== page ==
Processing, Removal, Recovery and Immobilization of Heavy Metals and Radionuclides Wastes
(a) Roasting Characteristics of Refractory Gold Ores

Gold bearing deposits are geochemically classified as sedimentary and hydrothermal ores. The sedimentary gold deposits are free milling and pose many problems for gold recovery. The hydrothermal gold deposits are rock minerals and in these, gold is associated with sulfide carbonaceous and siliceous compounds and also pose considerable difficulties for recovery. These deposits are commonly known as refractory gold ores and in these ores gold is generally locked in sulfides or sulfide carbonate crystals, making it difficult for the cyanide solution to penetrate for leaching. Mainly for this reason, a pretreatment oxidation step is required to liberate precious metal content and make them amenable to leaching. Roasting is one such oxidation pretreatment technique. In the present research, chemical and structural changes occurring during the roasting of refractory gold ores were investigated. Effect of temperature on oxidation behavior of ores was analyzed using TGA, DTA and XRD methods. The experimental results showed that the carbon in the ore has to be oxidized to a minimum value before any appreciable oxidation of sulfur occurs. Oxidation rates as a function of temperatures were calculated. Optimum conditions under which a successful roasting of the refractory gold ores can be obtained are evaluated.


(b) Recycling and Safe Disposal of Spent Potliners

Spent potliner is generated in the electrolytic process of reducing alumina to make aluminum metal using molten fluoride electrolytes. Spent potliner (SPL), obtained at the end of the pots life contains a small amount of cyanide and fluoride which present environmental problems. The SPL also contains significant quantities of usable C, Na and Al. SPL became a listed hazardous waste under RCRA (KO88) in July, 1990. Several studies were conducted to explore the possibilities of safe storage, disposal, and recovery of spent potliner. The purpose of the present study is to fix the hazardous SPL in a glassy matrix so as to make it safely disposable. A low viscosity and a low melting point are prime requirements for accomplishing the above. Viscosity measurements were performed, and effect of various additives, such as sand, limestone, dicalcium silicate, MgO baghouse dust, on the viscosity of SPL was studied. The results showed that with the addition of sand and limestone, very high fluidity of SPL melt can be obtained at significantly low temperatures. The glass formation characteristics and the fluoride leachability of these fluxes were also studied. Optimum amounts of additives required to obtain the best glass formation characteristics, the lowest fluoride leachability and the lowest viscosity of melt were determined.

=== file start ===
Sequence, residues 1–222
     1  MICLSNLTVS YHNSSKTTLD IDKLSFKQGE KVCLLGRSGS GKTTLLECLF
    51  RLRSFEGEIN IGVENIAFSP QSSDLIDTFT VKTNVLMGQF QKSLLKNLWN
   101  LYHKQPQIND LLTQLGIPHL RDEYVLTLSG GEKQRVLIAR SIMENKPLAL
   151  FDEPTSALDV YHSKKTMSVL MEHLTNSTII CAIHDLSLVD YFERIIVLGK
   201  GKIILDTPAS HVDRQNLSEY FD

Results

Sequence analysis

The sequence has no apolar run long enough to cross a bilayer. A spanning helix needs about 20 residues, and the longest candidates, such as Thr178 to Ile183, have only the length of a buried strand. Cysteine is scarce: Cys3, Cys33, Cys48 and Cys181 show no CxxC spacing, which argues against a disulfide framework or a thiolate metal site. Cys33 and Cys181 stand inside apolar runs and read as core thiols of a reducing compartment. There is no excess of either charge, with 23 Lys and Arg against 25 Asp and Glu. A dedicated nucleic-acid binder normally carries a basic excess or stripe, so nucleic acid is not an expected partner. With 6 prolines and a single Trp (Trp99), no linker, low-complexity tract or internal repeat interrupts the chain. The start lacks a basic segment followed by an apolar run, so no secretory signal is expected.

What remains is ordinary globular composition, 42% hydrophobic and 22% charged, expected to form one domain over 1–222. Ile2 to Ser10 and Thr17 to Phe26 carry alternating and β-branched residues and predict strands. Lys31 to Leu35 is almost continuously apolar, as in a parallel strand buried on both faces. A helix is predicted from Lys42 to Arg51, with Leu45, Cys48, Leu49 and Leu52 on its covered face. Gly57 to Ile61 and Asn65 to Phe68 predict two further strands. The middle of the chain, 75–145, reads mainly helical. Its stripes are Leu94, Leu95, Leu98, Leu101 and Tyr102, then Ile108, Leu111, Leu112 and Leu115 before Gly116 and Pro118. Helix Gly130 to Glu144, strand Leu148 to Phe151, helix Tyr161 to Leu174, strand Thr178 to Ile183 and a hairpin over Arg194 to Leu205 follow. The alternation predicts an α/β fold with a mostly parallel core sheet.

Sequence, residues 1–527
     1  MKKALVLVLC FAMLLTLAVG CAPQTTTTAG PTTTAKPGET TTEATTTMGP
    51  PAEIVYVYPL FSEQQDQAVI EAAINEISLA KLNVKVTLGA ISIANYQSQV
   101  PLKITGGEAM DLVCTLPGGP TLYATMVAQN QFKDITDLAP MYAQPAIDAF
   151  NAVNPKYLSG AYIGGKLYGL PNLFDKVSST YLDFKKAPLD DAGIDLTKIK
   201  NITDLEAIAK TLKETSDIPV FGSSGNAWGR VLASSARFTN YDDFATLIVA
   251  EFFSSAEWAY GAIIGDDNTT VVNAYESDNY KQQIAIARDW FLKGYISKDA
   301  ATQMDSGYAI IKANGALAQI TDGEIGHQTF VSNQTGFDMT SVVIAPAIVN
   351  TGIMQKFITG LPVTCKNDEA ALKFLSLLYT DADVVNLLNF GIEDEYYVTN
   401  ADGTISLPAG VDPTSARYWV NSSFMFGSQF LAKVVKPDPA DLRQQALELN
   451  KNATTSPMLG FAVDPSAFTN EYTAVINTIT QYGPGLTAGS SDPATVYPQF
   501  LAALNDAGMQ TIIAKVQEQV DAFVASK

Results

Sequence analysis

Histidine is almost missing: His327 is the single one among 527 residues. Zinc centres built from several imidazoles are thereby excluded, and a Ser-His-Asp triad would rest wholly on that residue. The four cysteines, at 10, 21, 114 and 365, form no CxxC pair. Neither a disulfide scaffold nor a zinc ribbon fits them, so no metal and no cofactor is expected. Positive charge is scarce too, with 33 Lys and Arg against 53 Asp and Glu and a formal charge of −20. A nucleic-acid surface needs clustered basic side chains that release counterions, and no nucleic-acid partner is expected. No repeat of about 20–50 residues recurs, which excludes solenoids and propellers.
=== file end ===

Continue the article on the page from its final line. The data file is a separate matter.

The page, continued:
Also, gas and particulate exhaust compositions during high temperature calcination of SPL were determined. The effect of time and SPL particle size on weight loss was determined. The experimentally determined gas and particulate compositions were compared with the calculated equilibrium compositions.


(c) Evaluation of Radionuclides Removal/ Immobilization using Zeolites

The principal objective of this project is to evaluate the environmental problems caused by radionuclides migration at the Nevada Test Sites (NTS) and weapons detonation ares. Adsorption behavior of radionuclides species is needed to judge removal/immobilization of cationic radionuclides contaminants. Experiments on the reactions of rocks, soils and zeolites with radionuclides wastes are conducted to outline kinetic steps and equilibria. These studies include determination of data on solution reactions over the temperatures and concentrations at waste sites, solid phase physical and thermodynamic data, adsorption isotherms, solubilities of radionuclides in silicate-water systems. A mathematical model for the exchange process will be developed. A comparison of estimated concentrations with the experimental measurements will be made. A final assessment will be made for the development of technology for the removal/immobilization of radionuclides and establish recommended procedures for a scaled up use in the field tests.